Riverman1
93494
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Riverman1 05/14/10 - 09:30 am
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So let me get this right. The

So let me get this right. The attacks against us in the past were orchestrated from Afghanistan and Pakistan before one American solider entered and our best response should be to leave them alone because we can make them mad?

Tigger_The_Tiger
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Tigger_The_Tiger 05/14/10 - 09:32 am
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No... Cain changed his

No... Cain changed his statement by adding "on the wtc"therefore changing the meaning of the lie....then he goes on to tell another lie about wmd' which we found in Iraq, and were used. The lies never end.

Tigger_The_Tiger
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Tigger_The_Tiger 05/14/10 - 09:36 am
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Funny how Cain criticizes

Funny how Cain criticizes people for not
Knowing what US convoys have done.....which he to has no knowledge of....other than what he read on the blogs he choses to believe.

Riverman1
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Riverman1 05/14/10 - 09:40 am
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I know Tigger. If you also

I know Tigger.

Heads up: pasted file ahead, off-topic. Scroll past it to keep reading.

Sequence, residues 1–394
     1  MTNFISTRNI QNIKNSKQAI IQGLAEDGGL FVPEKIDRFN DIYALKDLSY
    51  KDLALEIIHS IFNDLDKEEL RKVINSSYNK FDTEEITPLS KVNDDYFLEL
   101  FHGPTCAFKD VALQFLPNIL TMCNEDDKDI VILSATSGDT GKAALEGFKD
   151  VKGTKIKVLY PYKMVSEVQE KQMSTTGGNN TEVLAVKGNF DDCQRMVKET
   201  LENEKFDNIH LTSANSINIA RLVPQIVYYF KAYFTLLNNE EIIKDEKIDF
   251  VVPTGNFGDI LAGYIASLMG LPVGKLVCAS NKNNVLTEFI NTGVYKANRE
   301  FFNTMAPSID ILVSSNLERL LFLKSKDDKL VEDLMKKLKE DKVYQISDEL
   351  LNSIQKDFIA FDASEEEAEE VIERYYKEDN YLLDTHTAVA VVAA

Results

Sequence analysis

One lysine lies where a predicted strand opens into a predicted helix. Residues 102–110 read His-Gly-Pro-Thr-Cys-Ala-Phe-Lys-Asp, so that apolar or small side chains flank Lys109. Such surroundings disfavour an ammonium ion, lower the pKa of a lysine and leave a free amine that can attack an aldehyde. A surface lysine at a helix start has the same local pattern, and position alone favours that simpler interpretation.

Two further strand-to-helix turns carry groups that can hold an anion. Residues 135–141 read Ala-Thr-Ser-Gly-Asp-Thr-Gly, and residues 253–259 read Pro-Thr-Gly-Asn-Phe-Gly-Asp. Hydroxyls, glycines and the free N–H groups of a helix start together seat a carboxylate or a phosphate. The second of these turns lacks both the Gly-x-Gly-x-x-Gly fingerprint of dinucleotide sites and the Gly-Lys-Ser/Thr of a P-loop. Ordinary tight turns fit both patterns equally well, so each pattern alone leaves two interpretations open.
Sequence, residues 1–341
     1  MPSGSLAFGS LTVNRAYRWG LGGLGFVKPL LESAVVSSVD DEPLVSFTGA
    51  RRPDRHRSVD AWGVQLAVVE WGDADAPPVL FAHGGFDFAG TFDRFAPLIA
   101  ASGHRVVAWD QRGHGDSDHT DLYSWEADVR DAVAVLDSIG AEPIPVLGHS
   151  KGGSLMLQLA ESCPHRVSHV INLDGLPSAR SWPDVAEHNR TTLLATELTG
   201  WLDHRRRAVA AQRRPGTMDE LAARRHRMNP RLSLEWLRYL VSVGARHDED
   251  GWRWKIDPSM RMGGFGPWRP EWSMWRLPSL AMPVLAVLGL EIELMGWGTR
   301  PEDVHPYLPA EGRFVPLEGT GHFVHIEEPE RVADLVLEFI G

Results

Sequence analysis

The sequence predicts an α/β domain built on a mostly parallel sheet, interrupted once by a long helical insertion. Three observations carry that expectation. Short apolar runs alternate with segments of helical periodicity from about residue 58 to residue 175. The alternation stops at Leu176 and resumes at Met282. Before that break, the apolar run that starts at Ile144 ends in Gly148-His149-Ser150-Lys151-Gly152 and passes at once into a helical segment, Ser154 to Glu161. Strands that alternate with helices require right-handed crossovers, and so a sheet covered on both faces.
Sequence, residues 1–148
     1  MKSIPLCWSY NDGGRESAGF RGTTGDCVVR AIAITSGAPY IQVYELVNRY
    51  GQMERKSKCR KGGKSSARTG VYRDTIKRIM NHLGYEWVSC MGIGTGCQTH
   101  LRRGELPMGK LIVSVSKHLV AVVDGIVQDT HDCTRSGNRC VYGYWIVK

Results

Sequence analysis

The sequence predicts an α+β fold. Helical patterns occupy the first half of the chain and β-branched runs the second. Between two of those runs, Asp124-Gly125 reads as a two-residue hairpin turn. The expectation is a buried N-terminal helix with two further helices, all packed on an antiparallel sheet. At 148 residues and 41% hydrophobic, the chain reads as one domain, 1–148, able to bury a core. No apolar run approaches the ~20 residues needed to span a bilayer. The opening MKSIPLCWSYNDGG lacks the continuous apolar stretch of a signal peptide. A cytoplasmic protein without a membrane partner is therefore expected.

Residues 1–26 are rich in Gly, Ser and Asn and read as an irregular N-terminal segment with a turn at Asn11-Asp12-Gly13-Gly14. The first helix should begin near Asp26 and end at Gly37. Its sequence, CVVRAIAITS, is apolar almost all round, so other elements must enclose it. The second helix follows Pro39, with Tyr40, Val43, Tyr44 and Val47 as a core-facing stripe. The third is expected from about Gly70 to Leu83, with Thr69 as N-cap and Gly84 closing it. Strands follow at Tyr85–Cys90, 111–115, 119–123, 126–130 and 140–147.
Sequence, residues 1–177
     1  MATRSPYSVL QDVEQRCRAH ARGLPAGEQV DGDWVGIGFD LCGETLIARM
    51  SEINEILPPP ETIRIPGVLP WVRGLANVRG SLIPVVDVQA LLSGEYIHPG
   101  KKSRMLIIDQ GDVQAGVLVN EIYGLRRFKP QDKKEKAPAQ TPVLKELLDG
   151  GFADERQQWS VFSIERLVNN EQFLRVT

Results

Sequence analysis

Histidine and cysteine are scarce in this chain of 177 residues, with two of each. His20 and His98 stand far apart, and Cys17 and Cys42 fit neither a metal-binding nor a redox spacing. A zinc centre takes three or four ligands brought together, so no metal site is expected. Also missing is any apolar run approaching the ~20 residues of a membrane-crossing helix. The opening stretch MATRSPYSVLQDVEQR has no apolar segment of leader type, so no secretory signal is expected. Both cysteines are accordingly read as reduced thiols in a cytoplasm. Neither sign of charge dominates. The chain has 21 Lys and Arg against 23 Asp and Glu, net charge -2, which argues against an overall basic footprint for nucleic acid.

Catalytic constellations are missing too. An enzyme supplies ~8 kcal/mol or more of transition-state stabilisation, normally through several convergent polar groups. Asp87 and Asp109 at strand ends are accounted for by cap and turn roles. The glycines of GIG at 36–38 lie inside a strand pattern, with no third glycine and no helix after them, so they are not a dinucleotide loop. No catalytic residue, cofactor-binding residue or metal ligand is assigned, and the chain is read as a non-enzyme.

If you also notice, my first mention was about the FIRST World Trade Center bombing which was linked to training camps in Afghanistan also. But I welcomed his inference that because the 9-11 hijackers were from Saudi Arabia that they were not involved with Al Qaeda in Afghanistan and Pakistan. It is well documented where the 9-11 hijackers were trained.

JohnRandolphHardisonCain
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JohnRandolphHardisonCain 05/14/10 - 09:45 am
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Tigger_The_Tiger, Iraq did

Tigger_The_Tiger, Iraq did not attack United States or threaten United States before United States illegally invaded that country in March 2003.

JohnRandolphHardisonCain
576
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JohnRandolphHardisonCain 05/14/10 - 09:47 am
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The 9/11 hijackers received

The 9/11 hijackers received pilot training in United States!

Riverman1
93494
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Riverman1 05/14/10 - 09:51 am
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"The 9/11 hijackers received

"The 9/11 hijackers received pilot training in United States!"

I never said they didn't, but their plans and training were formulated in Pakistan and Afghanistan at Al Qaeda camps.